Page 13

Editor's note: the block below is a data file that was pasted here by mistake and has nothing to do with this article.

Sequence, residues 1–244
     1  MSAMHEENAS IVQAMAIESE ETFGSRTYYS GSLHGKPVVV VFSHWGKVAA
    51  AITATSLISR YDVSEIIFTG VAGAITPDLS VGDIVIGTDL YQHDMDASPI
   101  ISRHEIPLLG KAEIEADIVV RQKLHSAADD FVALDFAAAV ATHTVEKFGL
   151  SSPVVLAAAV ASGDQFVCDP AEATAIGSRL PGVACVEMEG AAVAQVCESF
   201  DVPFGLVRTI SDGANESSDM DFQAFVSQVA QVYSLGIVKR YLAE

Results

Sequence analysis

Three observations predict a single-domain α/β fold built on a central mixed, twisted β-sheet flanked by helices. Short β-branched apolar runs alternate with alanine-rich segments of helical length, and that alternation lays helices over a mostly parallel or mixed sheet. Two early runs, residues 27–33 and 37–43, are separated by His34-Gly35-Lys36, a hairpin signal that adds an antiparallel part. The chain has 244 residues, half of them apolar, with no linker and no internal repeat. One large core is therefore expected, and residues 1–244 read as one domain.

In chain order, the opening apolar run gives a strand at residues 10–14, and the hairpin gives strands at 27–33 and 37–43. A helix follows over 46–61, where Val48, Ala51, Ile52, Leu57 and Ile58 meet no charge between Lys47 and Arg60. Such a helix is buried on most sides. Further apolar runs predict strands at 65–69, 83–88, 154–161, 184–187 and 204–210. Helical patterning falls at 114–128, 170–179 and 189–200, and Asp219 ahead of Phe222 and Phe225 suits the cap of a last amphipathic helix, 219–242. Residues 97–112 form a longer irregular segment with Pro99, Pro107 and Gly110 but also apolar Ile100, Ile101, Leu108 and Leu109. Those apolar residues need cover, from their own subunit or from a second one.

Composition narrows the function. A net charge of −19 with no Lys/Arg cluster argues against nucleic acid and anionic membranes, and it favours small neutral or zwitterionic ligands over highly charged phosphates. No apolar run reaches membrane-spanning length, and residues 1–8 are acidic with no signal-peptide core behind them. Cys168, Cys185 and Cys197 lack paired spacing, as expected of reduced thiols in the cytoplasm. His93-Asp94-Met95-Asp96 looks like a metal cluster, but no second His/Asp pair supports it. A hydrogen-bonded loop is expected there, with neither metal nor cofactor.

mold problem. The church was forced to move out of its mold-infested building on 1-45 in 2000. Since then it has resided at four different temporary locations in almost as many years. The stress from the moves has whittled the congregation down by half. In order to get its claim filled, the church was forced to sue several insurance companies. The trial was scheduled for last February 2003, in Montgomery County. By that time, the lawsuit was already 10 months old. In November 2002, the insurance company defendants added Joe Nixon to their legal team. This allowed them to partake of a legislative continuance that permits trial postponements so lawmakerlawyers can concentrate on the legislative session that begins in January. The continuance is good for 30 days before a session and 30 days after. Add two special sessions on redistricting, and today the Baptists are still waiting for their day in court. Their lawyers charge that Nixon was only added to allow for more delays. The Houston state representative has refused to discuss the case with the media. But there is a good chance more of the public will become aware of the actions of Rep. Nixon. As of this writing, Prop 12 opponents are planning a campaign of both television and mail pieces rumored to prominently feature his recent entanglements. Penile Code Despite their straightfaced denials to the contrary, Republican leaders in the House and Senate chose September to hold a vote on Proposition 12 in the hope that the fewest number of voters would go to the polls. If legislators had wanted a larger turnout, they would have scheduled the vote for November. Now the improbable election of September 13 is upon us. For those not keeping score \(See “Tort Reform: How Big Business Is Pulling the Strings,” TO, April 25, select group of Republican businessmen allied with a malleable doctor’s lobby spurred lawmakers to pass House Bill 4, a radical rewrite of the state’s civil justice system. Chief among its many components was a cap on how much money a jury can award for non-economic damages such as pain, suffering, or disfigurement. The Lege decided that when it comes to medical malpractice cases, the sum should be a maximum of $750,000 per family. During the session, a pre-walkout House Democratic Caucus caved and also allowed Republicans to pass a constitutional amendment codifying both the med mal cap and the Lege’s ability to impose new caps in the future. Now their constitutional amendment has come to the public for approval as Prop 12. Stripping juries of their power is an incursion on a right so basic it dates to the Magna Carta. Critics as diverse as the American Association of Retired People and the Eagle Forum believe that defanging juries will remove a vital check on doctors and corporations that helps ensure consumer safety. They question claims by backers of the measure that high insurance rates for doctors are the result of too many malpractice suits. Can a one-size-fits-all judgment be truly fair? For example, try telling a woman who shared an elevator with a piece of a partially decapitated doctor what her pain and suffering is worth. Last month, Karin Steinau watched in horror as the elevator in a downtown Houston hospital closed on Dr. Hitoshi Nikaidoh’s head and started going up leaving his body behind. Lawyers for Nikaidoh’s family made sure to file their lawsuit before HB 4 went into effect in September. They say there is evidence the elevator was poorly maintained at the time of the accident. Emergency sensors apparently malfunctioned. In other words, this was no act of God. Someone is to blame. 9/12/03 THE TEXAS OBSERVER 11